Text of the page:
Germany November 11, 1988 Warner Music Germany Compact Disc 7599-25795-2
Japan December 10, 1988 Warner Music Japan Compact Disc 25P2-2389
Argentina 1988 Warner Bros. LP WEA 80127
Brazil 1988 Warner Bros. LP 6708035
Greece 1988 Warner Bros. LP 925795-1
Israel 1988 Warner Bros. LP BAN 925773-1
Mexico 1988 Warner Bros. LP LXWB-6813
Peru 1988 Warner Bros. cassette tape cn-wbr-0257945-4
South Africa 1988 Warner Bros./Tusk LP WBC 1654
Compact Disc WBCD 1654
Australia 1995 Warner Bros. Compact Disc 9257952
United States 2005 Warner Bros. Compact Disc/DVD-Audio DualDisc 73948
United States May 14, 2013 Warner Bros. Compact Disc 8122796570††


  • †† 25th anniversary edition, with bonus disc

Box sets

Region Date Label Format Catalog Notes
Australia 1995 Warner Bros. Compact Disc box set 9362460742 Packaged with Out of Time
Argentina 1998 Warner Bros. Compact Disc box set 9362 47180-2 Packaged with New Adventures in Hi-Fi, entitled "Doble Dosis"
France 1998 WEA Compact Disc box set WE 872 Packaged with New Adventures in Hi-Fi


  1. ^ a b c Corr, Alan (June 2, 2013). "Review: R.E.M. Green 25th anniversary edition". RTÉ. Retrieved May 29, 2023.
  2. ^ a b Buckley, p. 179
  3. ^ Buckley, pp. 173–174
  4. ^ Buckley, p. 176
  5. ^ Buckley, p. 175
  6. ^ Buckley, p. 177. Here, Jay Boberg claimed that R.E.M.'s deal with Warner Bros. was for $22 million, which Peter Buck disputed as "definitely wrong".
  7. ^ Buckley, p. 178
  8. ^ Halbersberg, Elianne (November 30, 1988). "Peter Buck of R.E.M.". East Coast Rocker.
  9. ^ Buckley, pp. 179–180
  10. ^ Erlewine, Stephen Thomas. "Green – R.E.M." AllMusic. Retrieved August 31, 2015.
  11. ^ Kot, Greg (March 24, 1991). "Traveling Through The Years With R.E.M." Chicago Tribune. Retrieved November 2, 2015.
  12. ^ Browne, David (March 22, 1991). "An R.E.M. discography". Entertainment Weekly. Retrieved August 30, 2015.
  13. ^ Boehm, Mike (November 6, 1988). "R.E.M. Falters, Doesn't Fall". Los Angeles Times. Retrieved November 2, 2015.
  14. ^ O'Hagan, Sean (November 12, 1988). "All American Aliens". NME. p. 39.
  15. ^ Deusner, Stephen M. (May 14, 2013). "R.E.M.: Green: 25th Anniversary Deluxe Edition". Pitchfork. Retrieved August 31, 2015.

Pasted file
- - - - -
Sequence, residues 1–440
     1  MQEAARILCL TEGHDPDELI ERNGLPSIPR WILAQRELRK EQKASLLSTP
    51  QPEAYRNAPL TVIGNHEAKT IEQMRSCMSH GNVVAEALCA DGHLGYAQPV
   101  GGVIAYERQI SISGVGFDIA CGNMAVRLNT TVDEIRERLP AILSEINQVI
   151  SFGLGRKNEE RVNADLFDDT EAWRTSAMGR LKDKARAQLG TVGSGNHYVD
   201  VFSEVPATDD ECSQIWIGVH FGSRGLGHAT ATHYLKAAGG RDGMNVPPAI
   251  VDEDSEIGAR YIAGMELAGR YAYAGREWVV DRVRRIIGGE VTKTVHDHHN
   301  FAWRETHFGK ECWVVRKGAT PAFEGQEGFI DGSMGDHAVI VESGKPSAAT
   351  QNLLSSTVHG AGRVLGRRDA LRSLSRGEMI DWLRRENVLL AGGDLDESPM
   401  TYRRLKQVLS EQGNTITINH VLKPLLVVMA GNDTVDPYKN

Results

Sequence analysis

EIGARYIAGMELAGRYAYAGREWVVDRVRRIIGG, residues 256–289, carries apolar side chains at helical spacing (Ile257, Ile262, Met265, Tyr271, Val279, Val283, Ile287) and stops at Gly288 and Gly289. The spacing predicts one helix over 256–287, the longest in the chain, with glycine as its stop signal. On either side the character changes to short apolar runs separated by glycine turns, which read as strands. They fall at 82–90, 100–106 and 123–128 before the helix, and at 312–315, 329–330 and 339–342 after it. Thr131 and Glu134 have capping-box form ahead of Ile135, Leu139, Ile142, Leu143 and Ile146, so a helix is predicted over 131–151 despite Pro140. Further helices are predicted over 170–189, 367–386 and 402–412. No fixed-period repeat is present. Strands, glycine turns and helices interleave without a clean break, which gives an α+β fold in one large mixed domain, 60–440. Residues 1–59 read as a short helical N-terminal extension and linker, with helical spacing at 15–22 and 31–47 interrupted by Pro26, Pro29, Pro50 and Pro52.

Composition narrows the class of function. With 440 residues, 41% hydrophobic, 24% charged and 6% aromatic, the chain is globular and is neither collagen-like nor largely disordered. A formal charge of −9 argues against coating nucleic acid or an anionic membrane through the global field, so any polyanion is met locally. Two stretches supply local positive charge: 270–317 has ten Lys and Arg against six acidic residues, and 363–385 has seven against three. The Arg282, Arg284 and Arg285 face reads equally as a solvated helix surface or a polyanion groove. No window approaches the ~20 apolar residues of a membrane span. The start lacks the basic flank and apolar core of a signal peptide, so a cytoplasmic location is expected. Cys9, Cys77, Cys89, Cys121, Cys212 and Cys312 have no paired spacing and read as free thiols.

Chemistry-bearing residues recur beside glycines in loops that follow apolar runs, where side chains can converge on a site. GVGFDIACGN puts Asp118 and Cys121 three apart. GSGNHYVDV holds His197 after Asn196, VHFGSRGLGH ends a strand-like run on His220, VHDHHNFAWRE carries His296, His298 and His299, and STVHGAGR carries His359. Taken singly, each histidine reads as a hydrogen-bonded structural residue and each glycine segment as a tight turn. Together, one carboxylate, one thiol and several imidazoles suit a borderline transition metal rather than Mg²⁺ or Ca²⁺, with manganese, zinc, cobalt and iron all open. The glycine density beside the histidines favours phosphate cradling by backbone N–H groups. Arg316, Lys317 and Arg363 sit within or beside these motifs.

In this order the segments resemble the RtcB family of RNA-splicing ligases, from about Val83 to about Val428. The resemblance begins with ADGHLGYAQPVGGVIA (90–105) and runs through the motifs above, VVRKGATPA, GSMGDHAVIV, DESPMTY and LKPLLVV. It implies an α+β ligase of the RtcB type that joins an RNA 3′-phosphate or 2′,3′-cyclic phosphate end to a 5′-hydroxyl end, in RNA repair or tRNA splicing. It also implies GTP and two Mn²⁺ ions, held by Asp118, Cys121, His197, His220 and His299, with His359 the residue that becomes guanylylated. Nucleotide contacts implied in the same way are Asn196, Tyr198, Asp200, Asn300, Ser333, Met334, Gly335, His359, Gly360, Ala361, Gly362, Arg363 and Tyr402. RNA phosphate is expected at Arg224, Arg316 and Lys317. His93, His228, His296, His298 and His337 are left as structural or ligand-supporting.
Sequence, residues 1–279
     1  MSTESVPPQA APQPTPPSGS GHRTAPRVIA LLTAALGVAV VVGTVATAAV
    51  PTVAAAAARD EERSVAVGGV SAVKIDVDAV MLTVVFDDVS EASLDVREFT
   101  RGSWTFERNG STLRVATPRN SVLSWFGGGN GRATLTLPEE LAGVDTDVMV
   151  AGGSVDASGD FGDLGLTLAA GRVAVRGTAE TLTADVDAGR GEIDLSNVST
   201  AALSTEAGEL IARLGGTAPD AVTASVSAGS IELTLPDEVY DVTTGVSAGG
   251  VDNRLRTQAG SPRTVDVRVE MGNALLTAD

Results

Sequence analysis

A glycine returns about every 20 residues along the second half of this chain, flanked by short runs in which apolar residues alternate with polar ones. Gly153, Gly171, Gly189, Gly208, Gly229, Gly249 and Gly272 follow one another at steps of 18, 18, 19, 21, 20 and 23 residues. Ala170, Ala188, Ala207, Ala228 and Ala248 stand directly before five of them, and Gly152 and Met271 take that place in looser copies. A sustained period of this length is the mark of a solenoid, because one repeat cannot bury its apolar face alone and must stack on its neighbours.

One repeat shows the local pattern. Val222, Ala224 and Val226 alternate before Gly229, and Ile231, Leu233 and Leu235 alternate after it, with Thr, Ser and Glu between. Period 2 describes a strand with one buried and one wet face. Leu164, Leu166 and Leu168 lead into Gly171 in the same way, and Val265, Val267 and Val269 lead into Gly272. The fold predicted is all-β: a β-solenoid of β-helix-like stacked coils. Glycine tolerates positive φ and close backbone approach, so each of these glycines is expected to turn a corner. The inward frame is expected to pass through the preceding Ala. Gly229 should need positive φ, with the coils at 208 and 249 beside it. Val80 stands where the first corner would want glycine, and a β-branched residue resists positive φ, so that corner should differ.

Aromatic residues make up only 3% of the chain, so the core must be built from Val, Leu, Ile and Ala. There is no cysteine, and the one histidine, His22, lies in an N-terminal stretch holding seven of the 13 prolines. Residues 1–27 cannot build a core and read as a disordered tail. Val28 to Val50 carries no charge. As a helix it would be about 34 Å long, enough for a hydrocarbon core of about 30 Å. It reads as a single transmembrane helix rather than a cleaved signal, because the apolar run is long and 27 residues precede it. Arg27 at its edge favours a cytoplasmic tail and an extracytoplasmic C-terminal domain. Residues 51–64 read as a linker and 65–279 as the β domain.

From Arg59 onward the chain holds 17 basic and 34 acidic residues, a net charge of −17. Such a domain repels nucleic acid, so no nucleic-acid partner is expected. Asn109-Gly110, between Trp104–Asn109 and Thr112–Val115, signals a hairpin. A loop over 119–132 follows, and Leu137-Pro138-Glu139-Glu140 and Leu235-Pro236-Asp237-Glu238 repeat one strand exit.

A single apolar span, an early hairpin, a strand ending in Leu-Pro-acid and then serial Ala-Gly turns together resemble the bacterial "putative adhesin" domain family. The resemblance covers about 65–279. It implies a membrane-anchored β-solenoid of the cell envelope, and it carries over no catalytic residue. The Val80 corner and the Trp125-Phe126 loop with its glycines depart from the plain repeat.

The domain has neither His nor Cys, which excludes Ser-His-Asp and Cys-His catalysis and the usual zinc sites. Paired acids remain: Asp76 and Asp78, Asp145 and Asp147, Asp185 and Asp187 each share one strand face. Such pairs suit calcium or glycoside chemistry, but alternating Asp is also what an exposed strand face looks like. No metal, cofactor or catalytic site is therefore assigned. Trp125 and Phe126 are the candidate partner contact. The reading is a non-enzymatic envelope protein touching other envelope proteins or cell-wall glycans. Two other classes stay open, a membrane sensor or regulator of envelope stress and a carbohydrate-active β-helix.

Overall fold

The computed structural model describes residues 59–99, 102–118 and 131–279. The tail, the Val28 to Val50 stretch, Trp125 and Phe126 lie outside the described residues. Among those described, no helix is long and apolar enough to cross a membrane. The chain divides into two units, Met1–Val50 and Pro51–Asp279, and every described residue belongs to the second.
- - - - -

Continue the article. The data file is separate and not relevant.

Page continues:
16. ^ Gill, Andy (December 1988). "Positive". Q. No. 27. p. 135. Archived from the original on April 21, 2001. Retrieved August 6, 2022.
  17. ^ Azerrad, Michael (January 12, 1989). "The greening of R.E.M." Rolling Stone. No. 543. pp. 63–64. Retrieved August 31, 2015.
  18. ^ a b Scoppa, Bud (May 23, 2013). "R.E.M – Green 25th Anniversary Edition". Uncut. Archived from the original on November 18, 2015. Retrieved July 24, 2013.
  19. ^ a b Christgau, Robert (December 27, 1988). "Christgau's Consumer Guide". The Village Voice. Retrieved January 19, 2012.
  20. ^ Black, pp. 155–156
  21. ^ Thornton, Anthony (November 1998). "Neil Hannon's Record Collection". Q. No. 146. p. 67.
  22. ^ Fletcher, p. 296
  23. ^ Buckley, p. 184
  24. ^ Buckley, p. 198
  25. ^ "R.E.M. Celebrates 25th Anniversary of Green". USA Today. Gannett Company. 2013-03-06. Retrieved 2013-03-06.
  26. ^ "Top 50 by Nirvana [MIXTAPE]". Archived from the original on 18 October 2014. Retrieved 8 May 2013.
  27. ^ a b "Acclaimed Music – Green". Archived from the original on 2016-08-19. Retrieved 2016-08-17.
  28. ^[dead link]
  29. ^ 11 (Legal Title). BMI Repertoire. Retrieved on July 2, 2011.
  30. ^ " – R.E.M. – Green". Hung Medien. Retrieved February 16, 2022.
  31. ^ " – R.E.M. – Green". Hung Medien. Retrieved February 16, 2022.
  32. ^ "R.E.M. | Artist | Official Charts". UK Albums Chart. Retrieved February 16, 2022.
  33. ^ "R.E.M. Chart History (Billboard 200)". Billboard. Retrieved February 16, 2022.
  34. ^ " – R.E.M. – Green" (in Dutch). Hung Medien. Retrieved February 16, 2022.
  35. ^ "Top Selling Albums of 1989". Recorded Music NZ. Retrieved February 16, 2022.
  36. ^ "Top Billboard 200 Albums – Year-End 1989". Billboard. Archived from the original on January 24, 2015. Retrieved February 16, 2022.
  37. ^ a b c d e f g h i j R.E.M. – Green: Charts and Awards — Billboard Singles. Allmusic. Retrieved on September 3, 2011.
  38. ^ a b c Buckley, pp. 357–358
  39. ^ "Canadian album certifications – R.E.M. – Green". Music Canada. Retrieved January 31, 2020.
  40. ^ "New Zealand album certifications – R.E.M. – Green". Recorded Music NZ. Retrieved January 31, 2020.
  41. ^ Salaverrie, Fernando (September 2005). Sólo éxitos: año a año, 1959–2002 (PDF) (in Spanish) (1st ed.). Madrid: Fundación Autor/SGAE. p. 958. ISBN 84-8048-639-2. Retrieved January 31, 2020.
  42. ^ "British album certifications – R.E.M. – Green". British Phonographic Industry. Retrieved January 31, 2020.
  43. ^ "American album certifications – R.E.M. – Green". Recording Industry Association of America. Retrieved January 31, 2020.

Works cited

  • Black, Johnny. Reveal: The Story of R.E.M. Backbeat, 2004. ISBN 0-87930-776-5
  • Buckley, David. R.E.M.: Fiction: An Alternative Biography. Virgin, 2002. ISBN 1-85227-927-3
  • Fletcher, Tony. Remarks Remade: The Story of R.E.M. Omnibus, 2002. ISBN 0-7119-9113-8.
  • Platt, John (editor). The R.E.M. Companion: Two Decades of Commentary. Schirmer, 1998. ISBN 0-02-864935-4

External linksEdit